x += x * 7 + i + 3;
        System.out.println(System.currentTimeMillis() - time);
        x = 0;
        numbers = null;
        MyArray<Long> myArray = new MyArray<Long>(50000000, Long.class, 234553523525L);
        for (int i = 0; i < 50000000; i++) {
            myArray.array[i] = i * i + 3L;
        time = System.currentTimeMillis();
        myArray.forEach(new Function<Long>() {

            public long perform(Long parameter, long x) {
                return x * 8 + parameter + 5L;
        System.out.println(System.currentTimeMillis() - time);
        myArray = null;
        myArray = new MyArray<Long>(50000000, Long.class, 234553523525L);
        for (int i = 0; i < 50000000; i++) {
            myArray.array[i] = i * i + 3L;
        time = System.currentTimeMillis();
        myArray.forEach(new Function<Long>() {

            public long perform(Long parameter, long x) {
                return new Compute(8, 5).compute(parameter, x);
        System.out.println(System.currentTimeMillis() - time);

Gives following output on my system:


I'm running Ubuntu 12.10 alpha with OracleJDK 1.7 update 6.

In general HotSpot optimizes a lot of indirections and simple reduntant operations, so in general you shouldn't worry about them unless there are a lot of them in seqence or they are heavily nested.

On the other hand, indexed get on LinkedList is much slower than calling next on iterator for LinkedList so you can avoid that performance hit while retaining readability when you use iterators (explicitly or implicitly in for-each loop).

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There appears to be a difference unfortunately.

If you look at the generated bytes code for both kinds of loops, they are different.

Here is an example from the Log4j source code.

In /log4j-api/src/main/java/org/apache/logging/log4j/ we have a static inner class called Log4jMarker which defines:

     * Called from add while synchronized.
    private static boolean contains(final Marker parent, final Marker... localParents) {
        //noinspection ForLoopReplaceableByForEach
        for (final Marker marker : localParents) {
            if (marker == parent) {
                return true;
        return false;

With standard loop:

  private static boolean contains(org.apache.logging.log4j.Marker, org.apache.logging.log4j.Marker...);
       0: iconst_0
       1: istore_2
       2: aload_1
       3: arraylength
       4: istore_3
       5: iload_2
       6: iload_3
       7: if_icmpge     29
      10: aload_1
      11: iload_2
      12: aaload
      13: astore        4
      15: aload         4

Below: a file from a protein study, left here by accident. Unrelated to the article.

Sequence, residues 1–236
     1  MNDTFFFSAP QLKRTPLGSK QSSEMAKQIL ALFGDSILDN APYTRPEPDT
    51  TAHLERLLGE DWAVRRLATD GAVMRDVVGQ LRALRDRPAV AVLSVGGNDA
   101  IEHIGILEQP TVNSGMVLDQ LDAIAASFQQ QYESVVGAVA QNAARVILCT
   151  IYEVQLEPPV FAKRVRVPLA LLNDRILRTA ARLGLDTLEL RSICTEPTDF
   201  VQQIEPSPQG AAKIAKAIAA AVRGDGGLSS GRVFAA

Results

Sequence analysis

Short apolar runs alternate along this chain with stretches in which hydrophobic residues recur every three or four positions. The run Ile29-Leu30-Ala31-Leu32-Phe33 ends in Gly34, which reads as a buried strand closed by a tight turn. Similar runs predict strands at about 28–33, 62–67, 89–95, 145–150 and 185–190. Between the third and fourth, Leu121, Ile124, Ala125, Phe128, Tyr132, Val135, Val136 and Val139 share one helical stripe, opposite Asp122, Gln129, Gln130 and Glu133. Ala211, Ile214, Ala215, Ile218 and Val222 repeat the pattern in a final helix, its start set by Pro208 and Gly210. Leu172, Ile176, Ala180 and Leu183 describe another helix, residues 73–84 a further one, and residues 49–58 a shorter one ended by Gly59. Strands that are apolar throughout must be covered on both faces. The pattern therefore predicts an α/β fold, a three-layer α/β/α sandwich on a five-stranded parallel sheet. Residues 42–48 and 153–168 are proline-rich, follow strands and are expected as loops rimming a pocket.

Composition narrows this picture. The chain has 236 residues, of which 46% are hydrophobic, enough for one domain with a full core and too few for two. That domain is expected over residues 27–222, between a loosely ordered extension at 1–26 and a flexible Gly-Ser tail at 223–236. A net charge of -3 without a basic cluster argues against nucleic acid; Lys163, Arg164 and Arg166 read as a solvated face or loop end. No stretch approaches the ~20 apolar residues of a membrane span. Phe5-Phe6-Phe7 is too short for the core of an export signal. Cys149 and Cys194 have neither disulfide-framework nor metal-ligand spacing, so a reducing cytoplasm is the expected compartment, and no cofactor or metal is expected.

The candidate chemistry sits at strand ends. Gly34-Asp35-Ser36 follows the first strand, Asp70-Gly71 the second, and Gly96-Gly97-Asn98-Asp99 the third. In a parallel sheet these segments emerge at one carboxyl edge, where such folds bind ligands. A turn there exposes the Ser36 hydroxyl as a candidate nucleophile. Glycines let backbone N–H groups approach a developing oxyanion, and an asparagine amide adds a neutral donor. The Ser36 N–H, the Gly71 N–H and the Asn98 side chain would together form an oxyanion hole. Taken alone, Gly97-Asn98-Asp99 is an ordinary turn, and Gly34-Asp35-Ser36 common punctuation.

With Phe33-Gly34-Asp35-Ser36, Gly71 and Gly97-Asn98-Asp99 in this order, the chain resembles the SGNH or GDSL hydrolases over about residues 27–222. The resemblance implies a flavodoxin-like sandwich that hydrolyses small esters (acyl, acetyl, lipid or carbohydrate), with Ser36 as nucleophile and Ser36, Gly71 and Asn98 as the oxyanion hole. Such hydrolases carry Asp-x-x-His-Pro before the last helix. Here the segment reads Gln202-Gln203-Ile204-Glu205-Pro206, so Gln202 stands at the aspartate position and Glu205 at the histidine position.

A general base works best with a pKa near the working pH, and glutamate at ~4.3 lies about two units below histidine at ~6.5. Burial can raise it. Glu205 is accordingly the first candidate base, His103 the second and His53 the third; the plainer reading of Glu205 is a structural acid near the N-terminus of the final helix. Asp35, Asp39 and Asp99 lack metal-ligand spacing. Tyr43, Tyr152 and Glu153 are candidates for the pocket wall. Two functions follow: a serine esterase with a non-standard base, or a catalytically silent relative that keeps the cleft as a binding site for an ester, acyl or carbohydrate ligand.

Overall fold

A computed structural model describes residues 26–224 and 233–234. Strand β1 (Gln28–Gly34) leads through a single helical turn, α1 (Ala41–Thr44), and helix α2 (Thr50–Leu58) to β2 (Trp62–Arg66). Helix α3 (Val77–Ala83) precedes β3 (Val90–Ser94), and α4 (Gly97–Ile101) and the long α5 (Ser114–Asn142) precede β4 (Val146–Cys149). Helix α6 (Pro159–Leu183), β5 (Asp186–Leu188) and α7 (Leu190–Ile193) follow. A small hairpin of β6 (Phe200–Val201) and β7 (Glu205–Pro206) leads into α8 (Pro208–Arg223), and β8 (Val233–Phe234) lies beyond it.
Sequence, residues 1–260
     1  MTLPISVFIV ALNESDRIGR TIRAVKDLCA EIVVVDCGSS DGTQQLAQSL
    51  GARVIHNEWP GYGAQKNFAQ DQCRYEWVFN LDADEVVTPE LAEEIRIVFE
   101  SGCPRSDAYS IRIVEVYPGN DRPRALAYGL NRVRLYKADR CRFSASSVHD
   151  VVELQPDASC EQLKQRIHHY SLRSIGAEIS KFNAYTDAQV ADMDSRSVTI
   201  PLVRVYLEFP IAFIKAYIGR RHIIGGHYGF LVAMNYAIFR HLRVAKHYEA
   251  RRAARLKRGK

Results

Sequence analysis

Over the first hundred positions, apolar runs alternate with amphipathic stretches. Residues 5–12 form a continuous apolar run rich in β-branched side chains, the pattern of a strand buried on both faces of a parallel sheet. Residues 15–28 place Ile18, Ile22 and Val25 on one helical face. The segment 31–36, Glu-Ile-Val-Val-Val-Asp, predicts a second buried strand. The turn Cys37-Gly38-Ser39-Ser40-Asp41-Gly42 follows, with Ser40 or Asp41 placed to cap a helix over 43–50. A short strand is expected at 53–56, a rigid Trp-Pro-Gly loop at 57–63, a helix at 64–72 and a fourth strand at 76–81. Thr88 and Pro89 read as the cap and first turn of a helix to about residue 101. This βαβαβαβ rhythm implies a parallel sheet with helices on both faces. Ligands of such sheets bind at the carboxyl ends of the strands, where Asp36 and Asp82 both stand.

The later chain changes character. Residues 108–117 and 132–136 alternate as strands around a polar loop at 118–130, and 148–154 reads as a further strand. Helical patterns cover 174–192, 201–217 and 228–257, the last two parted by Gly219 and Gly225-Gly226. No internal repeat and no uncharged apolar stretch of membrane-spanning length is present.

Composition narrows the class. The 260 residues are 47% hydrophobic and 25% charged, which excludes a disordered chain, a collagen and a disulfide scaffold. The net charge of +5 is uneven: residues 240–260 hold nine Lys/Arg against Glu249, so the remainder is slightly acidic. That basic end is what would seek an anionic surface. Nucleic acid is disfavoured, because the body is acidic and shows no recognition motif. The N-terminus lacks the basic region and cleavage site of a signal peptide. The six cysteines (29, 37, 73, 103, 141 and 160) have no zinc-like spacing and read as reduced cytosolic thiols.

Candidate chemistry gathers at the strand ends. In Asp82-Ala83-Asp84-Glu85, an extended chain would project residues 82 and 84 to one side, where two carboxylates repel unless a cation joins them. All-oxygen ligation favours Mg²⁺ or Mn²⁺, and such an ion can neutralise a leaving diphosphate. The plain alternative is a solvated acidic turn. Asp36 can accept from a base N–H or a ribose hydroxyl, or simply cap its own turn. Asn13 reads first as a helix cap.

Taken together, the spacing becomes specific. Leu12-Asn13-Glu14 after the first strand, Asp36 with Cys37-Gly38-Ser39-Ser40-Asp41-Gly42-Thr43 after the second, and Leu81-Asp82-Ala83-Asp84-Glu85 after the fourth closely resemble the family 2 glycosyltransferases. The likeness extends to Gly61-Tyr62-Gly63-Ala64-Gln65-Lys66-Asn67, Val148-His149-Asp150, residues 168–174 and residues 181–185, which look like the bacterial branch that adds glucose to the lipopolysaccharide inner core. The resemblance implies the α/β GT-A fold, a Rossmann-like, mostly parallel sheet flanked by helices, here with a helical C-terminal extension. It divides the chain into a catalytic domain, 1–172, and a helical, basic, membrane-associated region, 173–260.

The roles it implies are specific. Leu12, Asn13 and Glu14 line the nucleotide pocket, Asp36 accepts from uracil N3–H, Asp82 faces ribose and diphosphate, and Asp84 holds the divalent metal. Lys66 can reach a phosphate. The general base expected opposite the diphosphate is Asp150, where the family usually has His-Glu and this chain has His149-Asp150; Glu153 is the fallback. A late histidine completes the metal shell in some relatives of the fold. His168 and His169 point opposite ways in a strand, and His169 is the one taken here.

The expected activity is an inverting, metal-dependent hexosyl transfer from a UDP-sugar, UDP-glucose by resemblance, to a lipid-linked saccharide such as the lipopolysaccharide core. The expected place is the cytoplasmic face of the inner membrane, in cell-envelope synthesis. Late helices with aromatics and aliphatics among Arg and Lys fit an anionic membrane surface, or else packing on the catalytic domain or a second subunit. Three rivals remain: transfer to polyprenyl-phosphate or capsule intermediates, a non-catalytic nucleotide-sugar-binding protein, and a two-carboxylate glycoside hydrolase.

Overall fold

17: aload_0
      18: if_acmpne     23
      21: iconst_1
      22: ireturn
      23: iinc          2, 1
      26: goto          5
      29: iconst_0
      30: ireturn

With for-each:

  private static boolean contains(org.apache.logging.log4j.Marker, org.apache.logging.log4j.Marker...);
       0: aload_1
       1: astore_2
       2: aload_2
       3: arraylength
       4: istore_3
       5: iconst_0
       6: istore        4
       8: iload         4
      10: iload_3
      11: if_icmpge     34
      14: aload_2
      15: iload         4
      17: aaload
      18: astore        5
      20: aload         5
      22: aload_0
      23: if_acmpne     28
      26: iconst_1
      27: ireturn
      28: iinc          4, 1
      31: goto          8
      34: iconst_0
      35: ireturn

What is up with THAT Oracle?

I've tried this with Java 7 and 8 on Windows 7.

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For those who are trying to read the disassembly, the net result is that the code generated inside the loop is identical, but the for-each setup seems to have created an extra temporary variable containing a reference to the second argument. If the extra hidden variable is enregistered, but the parameter itself is not during code generation, then the for-each would be faster; if the parameter is enregistered in the for(;;) example, execution time would be identical. Gotta benchmark? – Robin Davies Jul 20 at 19:27

By the variable name objectArrayList, I assume that is an instance of java.util.ArrayList. In that case, the performance difference would be unnoticeable.

On the other hand, if it's an instance of java.util.LinkedList, the second approach will be much slower as the List#get(int) is an O(n) operation.

So the first approach is always preferred unless the index is needed by the logic in the loop.